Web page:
They're Here. And They're Nothing to Write Home About.

Remember that iconic scene from the start of Poltergeist, with Carol-Anne sitting in front of a T.V. screen full of static and making that announcement in her high, sweet voice? That odd little feeling of dread? You don't know why, but the warning flags are going up in your mind. That's the way I feel with the official arrival of Dell's Ubuntu systems.

Why should I feel dread? After all, this is what I've been waiting for for quite some time; a big official vendor to sell systems with Linux installed. Even my mixed experience with Ubuntu doesn't really bias me from not recommending the purchase of systems with Ubuntu installed, if the Ubuntu distribution has been properly installed and the hardware is fully supported.

Now that I've had a chance to look at Dell's initial offerings, I've come to the conclusion that two major assumptions of mine will go unfulfilled by Dell; wide hardware support and a rich Linux experience. Dell has chosen to sell three very limited Linux machines; two desktops and a notebook. They've deliberately hobbled the hardware choices you can make within the machines, and just like they promised, they're only shipping them with one distribution installed, Ubuntu.

Compare Dell's offering with Emperor Linux, a company that advertises within the pages of Linux Journal, and has done so for a number of years. Emperor advertises notebooks from manufacturers such as IBM (Thinkpad), Sony (Vaio), Fujistsu (Lifebook), and Dell. That's right, Dell. And the Dell systems they resell are Dell Latitude's and Inspirons that range in price from $1100 to over $5000. These machines can be configured with the latest Core 2 Duos, with up to 4GiB of DRAM, up to 160GiB hard drives, and the video can range up to 1900 x 1280 resolution driven by nVidia FX video cards. What does Dell offer for video? The low-end last-generation nVidia 7300 "budget" card. Period. And Emperor will install the distribution of you choice, including Ubuntu.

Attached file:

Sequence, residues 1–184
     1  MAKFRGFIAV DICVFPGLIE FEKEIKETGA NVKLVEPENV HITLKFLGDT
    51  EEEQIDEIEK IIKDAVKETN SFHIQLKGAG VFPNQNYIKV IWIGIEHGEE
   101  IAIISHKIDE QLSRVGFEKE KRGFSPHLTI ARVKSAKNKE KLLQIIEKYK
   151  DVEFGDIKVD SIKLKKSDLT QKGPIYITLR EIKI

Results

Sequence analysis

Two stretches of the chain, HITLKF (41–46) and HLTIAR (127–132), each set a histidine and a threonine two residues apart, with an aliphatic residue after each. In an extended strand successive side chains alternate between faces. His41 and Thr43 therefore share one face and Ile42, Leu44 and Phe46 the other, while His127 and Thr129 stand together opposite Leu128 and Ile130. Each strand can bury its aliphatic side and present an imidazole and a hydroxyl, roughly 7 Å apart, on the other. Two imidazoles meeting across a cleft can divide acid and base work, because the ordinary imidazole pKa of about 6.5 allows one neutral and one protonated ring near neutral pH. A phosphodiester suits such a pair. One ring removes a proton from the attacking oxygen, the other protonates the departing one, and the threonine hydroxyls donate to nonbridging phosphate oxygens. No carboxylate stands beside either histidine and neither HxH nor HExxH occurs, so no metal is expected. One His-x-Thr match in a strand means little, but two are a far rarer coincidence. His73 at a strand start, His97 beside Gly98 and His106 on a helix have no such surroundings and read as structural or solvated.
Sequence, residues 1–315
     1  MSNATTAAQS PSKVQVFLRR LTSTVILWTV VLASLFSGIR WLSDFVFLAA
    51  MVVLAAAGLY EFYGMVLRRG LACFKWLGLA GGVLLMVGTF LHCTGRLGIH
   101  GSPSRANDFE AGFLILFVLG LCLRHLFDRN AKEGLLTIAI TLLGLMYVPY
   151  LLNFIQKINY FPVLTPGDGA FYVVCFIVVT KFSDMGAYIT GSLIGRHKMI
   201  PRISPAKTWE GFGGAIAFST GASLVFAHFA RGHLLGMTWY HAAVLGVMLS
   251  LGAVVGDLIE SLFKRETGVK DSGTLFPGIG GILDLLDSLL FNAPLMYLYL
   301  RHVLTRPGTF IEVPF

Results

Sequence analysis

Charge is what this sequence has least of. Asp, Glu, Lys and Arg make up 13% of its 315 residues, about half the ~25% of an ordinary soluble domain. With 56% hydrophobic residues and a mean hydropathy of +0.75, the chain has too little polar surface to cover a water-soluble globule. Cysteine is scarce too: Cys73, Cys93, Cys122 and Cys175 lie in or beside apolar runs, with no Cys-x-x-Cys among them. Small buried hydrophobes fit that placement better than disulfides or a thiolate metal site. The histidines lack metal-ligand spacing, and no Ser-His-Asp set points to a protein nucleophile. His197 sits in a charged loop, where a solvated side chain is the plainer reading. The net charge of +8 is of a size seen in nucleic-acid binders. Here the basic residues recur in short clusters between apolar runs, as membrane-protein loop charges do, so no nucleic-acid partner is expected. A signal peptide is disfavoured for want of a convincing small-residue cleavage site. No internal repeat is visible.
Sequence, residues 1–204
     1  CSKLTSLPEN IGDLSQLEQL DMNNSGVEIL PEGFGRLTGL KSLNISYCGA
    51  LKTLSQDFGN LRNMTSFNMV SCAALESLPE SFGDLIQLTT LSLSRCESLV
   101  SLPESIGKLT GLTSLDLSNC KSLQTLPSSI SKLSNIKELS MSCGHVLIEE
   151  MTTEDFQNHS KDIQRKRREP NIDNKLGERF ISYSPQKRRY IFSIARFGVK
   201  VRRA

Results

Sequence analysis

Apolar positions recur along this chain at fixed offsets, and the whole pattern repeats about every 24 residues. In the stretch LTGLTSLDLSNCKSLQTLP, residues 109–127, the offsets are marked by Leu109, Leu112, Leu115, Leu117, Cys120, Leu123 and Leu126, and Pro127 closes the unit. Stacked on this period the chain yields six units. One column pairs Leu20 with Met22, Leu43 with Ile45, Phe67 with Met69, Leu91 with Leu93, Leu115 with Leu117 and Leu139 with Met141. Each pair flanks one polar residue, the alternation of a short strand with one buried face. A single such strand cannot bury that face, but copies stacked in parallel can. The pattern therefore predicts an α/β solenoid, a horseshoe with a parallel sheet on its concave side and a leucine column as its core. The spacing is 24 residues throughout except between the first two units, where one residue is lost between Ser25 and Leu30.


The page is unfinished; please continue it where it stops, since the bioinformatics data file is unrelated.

Dell's deliberately limited Ubuntu Linux offerings show cowardice in the face of Microsoft's displeasure, and telegraphs to the casual shopper that Linux is a very cheap (as in quality) second to Windows in terms of breadth and depth of hardware support, when it most certainly is not. If Emperor can sell you a portable powerhouse built around Dell notebooks with your choice of Linux distribution, then why can't Dell itself?

Anyone who thinks Dell's initial foray into the Linux PC market is a breakthrough, is a fool. They're not going to get my business nor my recommendation.


  1. Andrew Min has commented on some other similar things at his article here:

  2. Actually, there are three main advantages:
    -Ubuntu will get more exposure.
    -The computers will be cheaper.
    -Hardware compatibility is guaranteed.

  3. While I like Dell, if I buy an Ubuntu computer, I'd buy a System76 machine. But, since I'm trying to start up Free Geek of Central Florida, it is likely that I'll never need to buy a computer again.


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